How To Write A Killer Twitter Pitch

So, I once thought of doing a blog post on how to write a killer Twitter pitch — but I thought, I really have no idea how to do it so I put it on hold. Recently, a Twitter user (thanks, Rachael A Edwards!) asked me if I had any advice for writing pitches for Twitter pitch events, and I thought … Deities, why not?

I pitched at a Twitter pitch event this past October (#DVpit), and it’s the first little writing success I had, so it meant a lot to me. Part of me thinks that I just got really, really lucky and that my Tweet just snowballed — but another part of me thinks that there must be something I did right to get this lucky. So, I’m going to list some tips in no particular order, using #DVpit successes to illustrate (go #DVsquad!). (A lot of these writers are now agented and their books are coming out soon! So, if this post helped you in any way, please follow the links and go add their books on Goodreads!)

Screen Shot 2017-10-19 at 12.17.07 AM

Briefly, here’s my success story: After joining #DVpit in October 2017, I received 100+ agent requests and signed with my dream agent, Peter Knapp. And now, my book, BLOOD HEIR, is coming out in 2019 from Delacorte Press / Penguin Random House!

So, Twitter pitches can do miracles in fast-tracking you, as well as exposing you to agents who “favorite” your pitch that you might have never come across before. Working these Twitter pitches right can achieve miracles for you — so here’s to hoping this post will help.

First off: What is a Twitter pitch event? A Twitter pitch event is a Twitter event where agents from all around the industry sign up so they can see pitches from participants. For a certain number of hours, they will track the Twitter hashtag (i.e. #pitmad, #dvpit) to see the pitches from participants like you! If they like the pitch you put together, they will like your Tweet, and that means they want you to query them. There are several renowned Twitter pitch contests/parties that run several times a year, hosted by some superstars in the publishing world, where you can enter your pitch with the relevant hashtags.

A Twitter pitch is a Tweet that you craft that pitches your book in 140 (or is it 280 now?) characters or less (like my example above). It’s a short, pithy summary with a lot of punch.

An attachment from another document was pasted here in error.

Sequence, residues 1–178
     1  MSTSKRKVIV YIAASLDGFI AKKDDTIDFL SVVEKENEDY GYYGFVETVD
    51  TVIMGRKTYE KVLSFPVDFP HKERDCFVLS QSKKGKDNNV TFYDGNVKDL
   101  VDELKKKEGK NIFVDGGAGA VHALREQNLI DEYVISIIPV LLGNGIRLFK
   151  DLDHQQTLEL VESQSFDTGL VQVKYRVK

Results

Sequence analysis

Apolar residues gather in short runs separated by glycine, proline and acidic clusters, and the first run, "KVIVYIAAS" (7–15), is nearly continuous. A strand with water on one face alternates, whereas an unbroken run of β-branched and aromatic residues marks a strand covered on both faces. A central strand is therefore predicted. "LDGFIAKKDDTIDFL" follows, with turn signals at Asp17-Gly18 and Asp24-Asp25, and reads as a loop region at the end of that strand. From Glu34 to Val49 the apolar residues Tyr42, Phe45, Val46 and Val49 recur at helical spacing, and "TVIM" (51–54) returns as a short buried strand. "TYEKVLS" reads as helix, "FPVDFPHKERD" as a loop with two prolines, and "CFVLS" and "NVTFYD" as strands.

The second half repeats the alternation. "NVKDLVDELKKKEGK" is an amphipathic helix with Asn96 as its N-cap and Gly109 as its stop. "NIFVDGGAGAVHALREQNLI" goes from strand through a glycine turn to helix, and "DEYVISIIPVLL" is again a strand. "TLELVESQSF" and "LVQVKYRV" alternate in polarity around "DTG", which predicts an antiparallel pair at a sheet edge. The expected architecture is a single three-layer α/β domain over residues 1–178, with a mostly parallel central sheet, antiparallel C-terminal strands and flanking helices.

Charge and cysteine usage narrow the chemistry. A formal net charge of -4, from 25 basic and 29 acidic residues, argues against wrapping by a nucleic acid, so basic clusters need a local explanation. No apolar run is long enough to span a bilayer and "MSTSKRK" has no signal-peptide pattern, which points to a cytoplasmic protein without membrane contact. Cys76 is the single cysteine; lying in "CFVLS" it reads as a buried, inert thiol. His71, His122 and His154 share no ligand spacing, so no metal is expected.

What happens if an agent likes my Tweet? That means you can query them in the fast track. Note the fast track portion. Just because an agent liked your Tweet does not mean they will sign you. All they’re asking is for you to query them because the quick summary of your book enticed them. When you get a Twitter pitch request from an agent, you should include it in your title (i.e. “QUERY: [BOOK NAME], #DVpit Request”), as well as something in the body of your query indicating this (i.e. “Dear Agenty Agent, you requested my query in #DVpit”). This means the agent will put yours to the top of their query list to read, and theoretically, you should hear back quickly. That’s it. If you query doesn’t stick and your sample pages aren’t polished, you will still get rejected. Obviously, this means you must be ready to query before you enter a Twitter pitch event. (You can take a look at my post on how to write a query letter or the Writers’ Resources section of my site for more help there!)

  • Caveat: Do not query/pitch to agents on Twitter unless it’s for a pitch event. Best-case scenario is that they will ignore you; worst case scenario is that you will damage your reputation, because most (if not all) agents specifically tell you not to pitch to them on Twitter.

Now, let’s dive into how to construct a killer Twitter pitch.


Step 1. Button Down the Essentials. You need to boil down the essence of your story, and pitch it in the space of <280 characters. If you’re having a hard time finding where to start, answer the following questions — because a large portion of your pitch will center around them.

  • Who is your Main Character (MC)?
  • What is his/her goal?